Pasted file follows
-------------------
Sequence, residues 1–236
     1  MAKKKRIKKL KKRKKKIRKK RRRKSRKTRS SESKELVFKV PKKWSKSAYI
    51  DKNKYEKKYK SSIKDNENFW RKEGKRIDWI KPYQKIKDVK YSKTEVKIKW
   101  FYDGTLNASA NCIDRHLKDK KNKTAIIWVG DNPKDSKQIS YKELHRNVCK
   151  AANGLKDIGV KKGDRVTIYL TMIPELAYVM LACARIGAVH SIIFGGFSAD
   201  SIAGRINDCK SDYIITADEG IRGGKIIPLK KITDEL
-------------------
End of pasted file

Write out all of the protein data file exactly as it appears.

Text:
Sequence, residues 1–236
     1  MAKKKRIKKL KKRKKKIRKK RRRKSRKTRS SESKELVFKV PKKWSKSAYI
    51  DKNKYEKKYK SSIKDNENFW RKEGKRIDWI KPYQKIKDVK YSKTEVKIKW
   101  FYDGTLNASA NCIDRHLKDK KNKTAIIWVG DNPKDSKQIS YKELHRNVCK
   151  AANGLKDIGV KKGDRVTIYL TMIPELAYVM LACARIGAVH SIIFGGFSAD
   201  SIAGRINDCK SDYIITADEG IRGGKIIPLK KITDEL